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Navigating Turbulence: How hospitality businesses can survive in 2024

2024 has only just begun, and we’ve already witnessed a spate of small business closures across the hospitality sector. With the winding up of independent businesses across England, WalesScotland, questions have again been raised about the amount of governmental support available to one of the UK’s most beloved – and hardest-hit – industries. 

As hospitality businesses across the nation deal with fixed cost increases, the message has become clear – sink or swim. The ability to adapt is vital. How prepared is your business to survive in 2024?

The big picture

Data from CGA by NIQ, revealed in 2023, highlighted that the total number of licensed premises in the UK had fallen by 30% since 2003. That’s the equivalent of just over six closures a day over the last twenty years. 

Successive governments have failed to provide adequate support for hospitality businesses, and, after a string of crippling events such as Brexit, COVID-19, and inflation, many businesses find the outlook to be understandably bleak. Although optimism has increased slightly within the hospitality sector, it was still found to have the lowest level of confidence among major sectors, according to FSB’s Small Business Index from Q3 of 2023.

What issues are hospitality businesses facing? 

Sadly, for businesses operating in hospitality, there are a myriad of challenges facing the sector at the moment. The UK’s pubs, clubs, restaurants, cafés and hotels have been dealing with one issue after another for years now, leading celebrity chef Tom Kerridge to quip that the restaurant trade is like “walking uphill, on glass, barefoot.”

Rising costs are at the forefront of the issue – average annual costs have skyrocketed, with 56% of hospitality businesses reporting their annual costs had risen by at least 10% in the past year. It isn’t a new trend – hospitality was one of the worst-impacted sectors during COVID-19. And, with patrons also feeling the squeeze, meals, drinks and clubbing have been one of the earliest sacrifices.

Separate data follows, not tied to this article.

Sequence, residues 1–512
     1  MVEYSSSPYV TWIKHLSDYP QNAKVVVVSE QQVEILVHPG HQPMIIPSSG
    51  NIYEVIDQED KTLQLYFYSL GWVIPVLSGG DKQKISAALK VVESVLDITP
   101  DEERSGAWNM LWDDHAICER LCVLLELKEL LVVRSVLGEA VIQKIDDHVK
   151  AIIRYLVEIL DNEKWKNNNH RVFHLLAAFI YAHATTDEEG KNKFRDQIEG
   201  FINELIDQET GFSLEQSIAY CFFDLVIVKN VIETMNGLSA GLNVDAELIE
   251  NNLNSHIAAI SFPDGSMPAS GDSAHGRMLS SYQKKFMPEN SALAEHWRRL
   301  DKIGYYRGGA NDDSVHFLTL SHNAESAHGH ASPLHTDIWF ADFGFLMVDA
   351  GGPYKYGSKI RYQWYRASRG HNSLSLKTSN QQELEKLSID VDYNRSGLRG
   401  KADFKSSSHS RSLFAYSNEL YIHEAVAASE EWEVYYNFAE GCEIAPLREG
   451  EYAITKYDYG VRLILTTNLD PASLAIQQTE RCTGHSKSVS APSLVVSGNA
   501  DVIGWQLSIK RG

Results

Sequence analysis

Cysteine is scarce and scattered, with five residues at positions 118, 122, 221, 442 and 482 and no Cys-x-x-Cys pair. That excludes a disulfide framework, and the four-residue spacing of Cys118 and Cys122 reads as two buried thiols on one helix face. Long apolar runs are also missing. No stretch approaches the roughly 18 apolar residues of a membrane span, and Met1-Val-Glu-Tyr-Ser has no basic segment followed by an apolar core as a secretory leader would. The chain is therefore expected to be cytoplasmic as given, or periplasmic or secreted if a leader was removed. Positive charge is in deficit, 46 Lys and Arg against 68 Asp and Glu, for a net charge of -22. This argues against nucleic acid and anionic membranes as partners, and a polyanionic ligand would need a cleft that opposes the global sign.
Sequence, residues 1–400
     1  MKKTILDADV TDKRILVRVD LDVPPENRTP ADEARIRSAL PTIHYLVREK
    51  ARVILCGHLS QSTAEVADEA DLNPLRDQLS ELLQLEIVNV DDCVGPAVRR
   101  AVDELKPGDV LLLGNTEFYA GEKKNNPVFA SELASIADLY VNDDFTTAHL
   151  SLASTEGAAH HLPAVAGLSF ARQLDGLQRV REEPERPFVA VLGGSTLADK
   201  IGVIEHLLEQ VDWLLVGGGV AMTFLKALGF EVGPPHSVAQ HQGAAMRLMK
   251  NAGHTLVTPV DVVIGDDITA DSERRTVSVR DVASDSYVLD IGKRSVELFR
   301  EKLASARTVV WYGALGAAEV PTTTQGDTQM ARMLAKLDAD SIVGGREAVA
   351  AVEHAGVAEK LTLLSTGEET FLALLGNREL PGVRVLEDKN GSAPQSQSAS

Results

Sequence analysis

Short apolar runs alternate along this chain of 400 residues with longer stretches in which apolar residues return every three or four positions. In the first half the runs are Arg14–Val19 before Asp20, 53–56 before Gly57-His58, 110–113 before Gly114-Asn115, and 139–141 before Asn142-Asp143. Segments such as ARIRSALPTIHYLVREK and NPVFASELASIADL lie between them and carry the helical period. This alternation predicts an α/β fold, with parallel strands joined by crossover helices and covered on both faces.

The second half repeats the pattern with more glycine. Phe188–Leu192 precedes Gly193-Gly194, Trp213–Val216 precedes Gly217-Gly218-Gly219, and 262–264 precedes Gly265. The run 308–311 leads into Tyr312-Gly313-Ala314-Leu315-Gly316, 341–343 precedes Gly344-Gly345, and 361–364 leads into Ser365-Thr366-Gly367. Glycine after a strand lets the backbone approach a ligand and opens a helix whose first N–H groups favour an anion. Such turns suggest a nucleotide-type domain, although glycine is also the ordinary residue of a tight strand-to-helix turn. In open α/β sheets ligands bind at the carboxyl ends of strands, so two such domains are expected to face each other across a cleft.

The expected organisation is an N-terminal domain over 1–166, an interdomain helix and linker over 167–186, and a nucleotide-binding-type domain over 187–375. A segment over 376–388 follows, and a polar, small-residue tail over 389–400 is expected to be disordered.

Sky-high business rates are another vital problem confronting the industry. A survey released in November 2023 by the British Beer and Pub Association (BBPA) showed 60% of respondents viewed government action on business rates as a top priority. Some licenced businesses have been particularly impacted, as Rishi Sunak moved to increase alcohol duty this summer. 

To compound these issues, external factors, such as the ongoing train strikes, may be causing hospitality businesses to miss out on potential custom. This January, proposed tube strikes are set to cost London hospitality businesses a combined £50m in lost sales.

How can hospitality businesses guard themselves against these issues? 

Hospitality businesses have limited options at their disposal, but there are a few different courses of action which can prevent your business from being overly impacted by rising costs and business rates. 

Carl Johnson, Head of Asset Finance at Anglo Scottish Finance, works closely with hospitality businesses to help provide access to expensive software, fixtures and fittings or facilities. Here, he outlines some of the ways you can protect your hospitality business against the issues facing the industry. 


Restaurants, cafes or pubs which operate as sole traders in a single location are less insulated against sector-wide issues. Rising costs are all the more impactful when the entire business hinges on a single revenue stream in a single location.